James Kirkup - Ukip's northward march isn't just a Labour problemPhil Johnston - The Ukip bandwagon rolls on in Rochester
Dan Hodges - Labour and Ed Miliband are going down together
Rachel Sylvester - Labour has no clue how to solve its Ed problem (Times)
Steve Richards - Miliband must recover the spirit of 2010 (Independent)
Janan Ganesh - The Bank of Miliband is flunking its stress test (FT)
0930: Council of Mortgage Lenders (CML) releases its lending trends figures for September. CML 020 7438 8923.
0945 LONDON: Justine Greening will appear before the International Development committee to discuss Ebola.
1030 LONDON: Final poppy to be planted at the Tower of London to mark Armistice Day. The final ceramic poppy will be planted in the moat of the Tower of London forming the culmination of the art installation Blood Swept Lands and Seas of Red.
1400 LONDON: The Northern Ireland Affairs committee to take evidence on "on-the-runs".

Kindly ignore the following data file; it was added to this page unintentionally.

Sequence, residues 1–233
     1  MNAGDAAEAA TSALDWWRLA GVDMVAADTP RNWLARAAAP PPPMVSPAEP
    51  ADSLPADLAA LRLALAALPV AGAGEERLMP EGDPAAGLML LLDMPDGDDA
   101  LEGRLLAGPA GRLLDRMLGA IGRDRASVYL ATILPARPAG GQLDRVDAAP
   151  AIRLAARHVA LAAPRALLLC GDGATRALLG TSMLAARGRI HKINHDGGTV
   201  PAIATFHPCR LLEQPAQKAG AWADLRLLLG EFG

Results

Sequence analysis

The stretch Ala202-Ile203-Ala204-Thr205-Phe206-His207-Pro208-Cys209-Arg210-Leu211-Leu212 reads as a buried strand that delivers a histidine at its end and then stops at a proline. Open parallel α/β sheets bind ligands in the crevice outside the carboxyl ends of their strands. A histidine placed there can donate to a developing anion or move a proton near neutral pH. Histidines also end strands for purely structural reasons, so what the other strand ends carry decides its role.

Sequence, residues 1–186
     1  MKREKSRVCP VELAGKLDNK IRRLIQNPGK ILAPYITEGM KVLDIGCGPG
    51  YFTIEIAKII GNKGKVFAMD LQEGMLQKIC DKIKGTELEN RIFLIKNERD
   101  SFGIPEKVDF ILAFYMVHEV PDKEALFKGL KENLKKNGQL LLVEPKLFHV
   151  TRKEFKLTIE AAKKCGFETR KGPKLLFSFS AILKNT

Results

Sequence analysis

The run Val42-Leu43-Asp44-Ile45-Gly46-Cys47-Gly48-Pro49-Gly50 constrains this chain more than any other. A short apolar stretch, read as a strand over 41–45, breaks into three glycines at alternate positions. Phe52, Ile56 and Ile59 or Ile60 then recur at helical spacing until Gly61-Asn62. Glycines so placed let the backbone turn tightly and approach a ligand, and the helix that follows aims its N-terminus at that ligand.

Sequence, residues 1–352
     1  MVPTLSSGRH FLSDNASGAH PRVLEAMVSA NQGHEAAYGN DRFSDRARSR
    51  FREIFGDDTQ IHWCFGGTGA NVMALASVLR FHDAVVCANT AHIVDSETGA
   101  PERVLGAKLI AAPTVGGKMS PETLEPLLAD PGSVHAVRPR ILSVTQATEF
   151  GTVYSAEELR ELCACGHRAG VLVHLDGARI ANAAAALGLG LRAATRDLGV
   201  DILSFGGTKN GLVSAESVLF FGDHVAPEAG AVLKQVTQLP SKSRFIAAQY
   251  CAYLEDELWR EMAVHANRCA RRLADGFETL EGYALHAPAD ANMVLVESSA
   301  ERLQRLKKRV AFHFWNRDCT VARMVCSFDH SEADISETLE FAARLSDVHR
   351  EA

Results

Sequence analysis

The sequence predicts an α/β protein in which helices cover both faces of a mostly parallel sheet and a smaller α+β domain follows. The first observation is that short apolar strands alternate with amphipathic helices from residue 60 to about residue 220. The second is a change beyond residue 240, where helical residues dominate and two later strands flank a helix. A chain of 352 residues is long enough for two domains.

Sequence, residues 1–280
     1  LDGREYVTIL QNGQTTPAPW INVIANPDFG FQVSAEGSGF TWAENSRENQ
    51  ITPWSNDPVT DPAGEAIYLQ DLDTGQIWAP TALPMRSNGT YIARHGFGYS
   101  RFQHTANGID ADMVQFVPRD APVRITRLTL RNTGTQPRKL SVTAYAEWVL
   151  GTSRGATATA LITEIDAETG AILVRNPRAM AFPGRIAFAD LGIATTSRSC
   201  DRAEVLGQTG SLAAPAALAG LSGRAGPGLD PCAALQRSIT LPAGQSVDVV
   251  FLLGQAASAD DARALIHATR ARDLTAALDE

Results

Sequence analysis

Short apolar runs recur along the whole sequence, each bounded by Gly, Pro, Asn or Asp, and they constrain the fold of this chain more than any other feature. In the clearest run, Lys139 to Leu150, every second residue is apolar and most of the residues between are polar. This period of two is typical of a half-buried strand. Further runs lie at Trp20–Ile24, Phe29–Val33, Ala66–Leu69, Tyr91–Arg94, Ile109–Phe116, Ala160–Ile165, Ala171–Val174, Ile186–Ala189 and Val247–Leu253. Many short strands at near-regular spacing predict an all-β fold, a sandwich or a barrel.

1445 LONDON: Metropolitan Police commissioner Sir Bernard Hogan-Howe gives evidence to Commons Home Affairs Committee on Regulation of Investigatory Powers Act (Ripa).
1730 LONDON: Resolution Foundation launches report on low pay, with speech by Alan Miliburn.
1830 LONDON: Rachel Reeves at Progress "in conversation" event. The shadow work and pensions secretary will be in conversation with Stephen Bush of the Daily Telegraph.
2030 LONDON: Nick Clegg speech to Chambers of Commerce/Asian Business Association.
TODAY IN PARLIAMENTCommons
A Ten Minute Rule Motion: National Defence Medal.
National Insurance Contributions Bill - Report stage and third reading.
A backbench business debate on the medium-term financial plan for the House of Commons and draft estimates for 2015/16.
A short debate on improving rail services to the Portsmouth Harbour area.
1430: Acorn Finance Mortgages.
1600: Improvements to the Great Eastern Main Line.
1630: Effect of welfare reform in the Welsh Valleys.
Wales Bill - Report stage.